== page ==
Read this now and sigh and read it again
Circumstances are thought irresistibly to control the world, both collectively and individually; and, under this impression, man has consented to be controlled by them. But man holds the power to destroy those circumstances which are unfavorable to his happiness and peace; and by exercising this power, he will sustain and cooperate with the principles of Nature. These fleeting circumstances being destroyed, man will be controlled only by the operations of general law. This, however, has not yet been done, because man individually can not do it.
No one principle of government, unvarying in its nature, could be made to manifest its proper results, as applied to an isolated and detached community. Those who have founded, and put forth efforts to sustain, communities, have been persons who have striven to familiarize the laws, which governed them, to their feelings and affections. The condition of society and of the world has become repulsive to their feelings and sentiments; and their movements are but the outbreaking and gushing forth of those desires that have been so long concealed.
A knowledge of the natural laws which govern society should have been before understood; but the sources of knowledge which exist in the world have been perverted from their legitimate object and use. Institutions for the diffusion of knowledge are founded on an artificial basis. It is the interest of every institution to confine its knowledge to itself; whereas, it should be both the principle and interest of all such to cause their knowledge to become universal. Moreover, people who have not the capacity to comprehend the sciences, should not be educated for, and compelled to hold situations, where such knowledge is absolutely required.
The situations of professional men are exceedingly corrupting and vitiating. Those who would be honest, can not; for their interests oppose. The condition of these and of other members of society at this time, is an artificial representation of the circumstances by which the world is controlled. Generations that are past have neglected the great light of the knowledge of these truths. Their time and talents were engaged in the upbuilding of sectarian and denominational casts; and in protecting these, nations have warred against nations. Destruction and devastation were the legitimate results; and, neglecting the general and personal good, man lost his happiness by these inhuman proceedings. No man could utter a thought, or express himself in any respect, contrary to the prevailing sentiment. This vice, misery, illiberality, and uncharitableness, with all their legitimate moral and intellectual results, still exist; and man has lost much of the light and knowledge which he would now possess, if the real had existed in place of the artificial.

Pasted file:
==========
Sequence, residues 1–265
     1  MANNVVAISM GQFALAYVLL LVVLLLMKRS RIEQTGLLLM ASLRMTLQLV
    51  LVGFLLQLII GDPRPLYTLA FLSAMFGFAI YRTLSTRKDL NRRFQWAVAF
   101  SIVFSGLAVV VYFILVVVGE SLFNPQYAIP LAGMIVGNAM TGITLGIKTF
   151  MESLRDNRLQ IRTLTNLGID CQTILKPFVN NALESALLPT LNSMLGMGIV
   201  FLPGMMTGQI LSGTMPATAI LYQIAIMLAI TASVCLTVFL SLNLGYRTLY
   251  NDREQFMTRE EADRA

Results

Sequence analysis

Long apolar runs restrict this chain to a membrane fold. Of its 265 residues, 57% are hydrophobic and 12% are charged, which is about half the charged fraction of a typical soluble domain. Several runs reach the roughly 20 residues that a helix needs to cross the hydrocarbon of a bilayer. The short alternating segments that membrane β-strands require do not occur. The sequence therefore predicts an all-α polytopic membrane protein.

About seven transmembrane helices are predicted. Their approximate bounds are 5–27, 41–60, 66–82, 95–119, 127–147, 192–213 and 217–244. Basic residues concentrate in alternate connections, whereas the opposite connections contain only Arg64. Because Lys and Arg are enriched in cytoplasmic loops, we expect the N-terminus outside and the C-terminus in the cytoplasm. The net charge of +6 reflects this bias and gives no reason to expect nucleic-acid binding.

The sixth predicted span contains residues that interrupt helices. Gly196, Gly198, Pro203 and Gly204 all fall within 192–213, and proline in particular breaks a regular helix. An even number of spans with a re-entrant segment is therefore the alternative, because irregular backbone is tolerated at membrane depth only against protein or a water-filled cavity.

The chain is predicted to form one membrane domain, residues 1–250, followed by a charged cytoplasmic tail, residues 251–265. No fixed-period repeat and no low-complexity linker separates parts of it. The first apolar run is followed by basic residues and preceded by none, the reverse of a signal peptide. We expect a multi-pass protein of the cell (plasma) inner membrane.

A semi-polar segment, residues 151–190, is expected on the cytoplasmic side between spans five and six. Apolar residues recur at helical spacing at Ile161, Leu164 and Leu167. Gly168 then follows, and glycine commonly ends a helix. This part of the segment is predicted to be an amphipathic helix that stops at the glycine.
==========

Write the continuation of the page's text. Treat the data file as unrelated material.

Free and unrestrained inquiry is necessary to moral and intellectual progress, and therefore should be encouraged. Truth is an eternal principle; and any institution, creed, denomination, or any influence a sectarian character, that opposes in any way the free and unrestrained investigation of truth, must evidently be founded on ignorance, superstition, and bigotry. And, moreover, anything which tends to restrict the spirit of inquiry, openly manifests its own error.
Every principle opposed to free and unrestrained investigation shows distinctly the fear of light and knowledge. Light upon any subject of a moral nature should be received free from interests or local prejudices; and if free investigation or the most unlimited exercise of the human mind, is obstructed, the obstruction proclaims its author's own condemnation: for this is the condemnation, that light is come into the world, and men choose the darkness of bygone ages, and foster it, rather than light, because their institutions and actions are evil.
From: The principles of nature, her divine relations, and a voice to mankind. By and through Andrew Jackson Davis., Davis, Andrew Jackson, 1826-1910.